"Why don't you ever cry, Mommy?" my son asked as he gulped down his tears after a hard day.
"Oh, I do cry, honey," I said. "It's okay to cry."As we sat smooshed in his bed, he looked at me and his 6-year-old eyes said I'm not buying it, Mom.
"But I never see you cry," he persisted.
"Well, that's because you make me so happy," I said.
That night, before he nodded off to sleep, we finished chatting about expressing our feelings before moving on to more important things like how he learned to make fart noises with his armpit. But after the giggle stopped and he fell asleep beside me, I held his hand and watched him.
His long eyelashes started to flutter and his body did those first shakes as one often does as they drift off to sleep. As I shut my eyes, too, I admitted to myself…he was right.
My son has rarely seen me cry. Even through his grandmother enduring advanced cancer that ravaged her body or his aging grandfather, or even when motherhood has felt too heavy for me to bare—my son has seldom seen me cry. I used to tell people that I'm just "not a crier." But, through all of life's battles, I have cried—a lot. I just rarely did it in front of my son.
Yes, I've always found a way to cry alone. I often cried while driving in the car with the music blaring so I don't have to hear my own sobs. I've bawled in the shower so the water streaming down can wash away my tears. And I've cried while running on a desolate trail so that I'm sure no one will see me. But no, I have very seldom let tears fall in front of my son.
I guess I was trying to protect him from my pain.
But all of that hiding of my tears has only taught him that you shouldn't cry. That letting tears fall show that you are weak. Only, we all know that it does the opposite. When you allow yourself to cry and let someone console you through the heartache, it means that you're strong enough to let someone see the real you. That's when the love seeps in.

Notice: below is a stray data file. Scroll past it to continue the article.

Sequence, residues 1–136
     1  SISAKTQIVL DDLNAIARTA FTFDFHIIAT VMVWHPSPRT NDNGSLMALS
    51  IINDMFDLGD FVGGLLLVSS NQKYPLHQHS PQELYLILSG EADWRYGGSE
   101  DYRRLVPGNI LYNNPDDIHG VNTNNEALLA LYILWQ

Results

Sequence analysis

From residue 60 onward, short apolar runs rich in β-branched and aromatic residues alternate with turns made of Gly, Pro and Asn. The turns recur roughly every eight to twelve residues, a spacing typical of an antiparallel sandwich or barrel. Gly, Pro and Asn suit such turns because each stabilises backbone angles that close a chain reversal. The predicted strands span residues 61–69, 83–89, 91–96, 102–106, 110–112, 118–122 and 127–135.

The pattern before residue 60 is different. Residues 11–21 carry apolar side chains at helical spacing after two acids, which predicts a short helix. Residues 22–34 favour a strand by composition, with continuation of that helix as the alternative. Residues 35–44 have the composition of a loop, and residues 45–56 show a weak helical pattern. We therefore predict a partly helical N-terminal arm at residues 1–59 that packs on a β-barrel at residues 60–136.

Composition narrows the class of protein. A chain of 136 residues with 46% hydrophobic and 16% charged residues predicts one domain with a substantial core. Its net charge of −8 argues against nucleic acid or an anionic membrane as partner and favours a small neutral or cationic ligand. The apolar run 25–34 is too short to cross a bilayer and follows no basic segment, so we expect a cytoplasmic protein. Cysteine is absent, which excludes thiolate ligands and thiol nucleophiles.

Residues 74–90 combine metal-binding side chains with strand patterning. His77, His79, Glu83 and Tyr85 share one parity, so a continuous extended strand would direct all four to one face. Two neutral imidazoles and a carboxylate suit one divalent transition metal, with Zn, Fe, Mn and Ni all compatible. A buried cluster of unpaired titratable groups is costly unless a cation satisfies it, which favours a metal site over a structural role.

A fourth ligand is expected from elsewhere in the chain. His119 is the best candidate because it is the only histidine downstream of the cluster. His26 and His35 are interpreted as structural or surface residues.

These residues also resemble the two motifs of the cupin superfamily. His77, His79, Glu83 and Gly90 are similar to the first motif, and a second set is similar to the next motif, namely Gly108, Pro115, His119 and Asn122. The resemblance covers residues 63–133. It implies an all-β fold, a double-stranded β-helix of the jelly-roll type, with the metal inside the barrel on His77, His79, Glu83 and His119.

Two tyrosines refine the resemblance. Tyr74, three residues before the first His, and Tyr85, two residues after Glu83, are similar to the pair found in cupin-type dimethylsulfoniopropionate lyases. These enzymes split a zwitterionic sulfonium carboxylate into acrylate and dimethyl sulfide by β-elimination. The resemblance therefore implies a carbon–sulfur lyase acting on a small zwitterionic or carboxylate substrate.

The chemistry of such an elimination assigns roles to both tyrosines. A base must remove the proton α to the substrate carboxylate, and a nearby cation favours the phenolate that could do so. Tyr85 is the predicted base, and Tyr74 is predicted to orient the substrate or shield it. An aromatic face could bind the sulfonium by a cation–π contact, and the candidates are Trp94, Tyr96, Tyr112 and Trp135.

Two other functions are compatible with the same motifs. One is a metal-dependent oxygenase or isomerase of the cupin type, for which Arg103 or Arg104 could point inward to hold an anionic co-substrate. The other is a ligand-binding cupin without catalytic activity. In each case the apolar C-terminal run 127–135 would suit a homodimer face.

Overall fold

Luckily, my kids have had my husband teach them that crying is just a part of life—something all human beings do when they are feeling any kind of intense emotion. And most importantly, it's okay to do so. When my husband lost his job and then finally found a new one after three long months, he sat on our coffee table with our kids and cried.
Our children stood at their father's knees and watched tears flood the hands cupping his face. Those tears of relief and gratitude were seen and felt by my children and I'm thankful that he was able to show that vulnerability to them.
Today, I'm working on my own vulnerability. If my father falls while getting out of the car and has a difficult time getting back up, I allow myself to cry with my husband—and my son. If I'm feeling extra grateful that my mother is alive, I let those joyful tears gush down my face in front of my kids. I explain to them that sometimes people cry even when they're happy. Yes, it still feels like second-nature to choke down my tears, but I am working on letting them go. And when I do, I always feel better afterward.
I don't want my son or my daughter, to grow up swallowing their tears. Yes, learning to control your emotions is important for kids to practice, but pretending they don't exist is not. Masking your feelings is something I should have never have been proud of in the first place.
So, the next time I cry, I'll be sure to do it in front of my son so that he knows that strong men, and strong women, can let tears fall.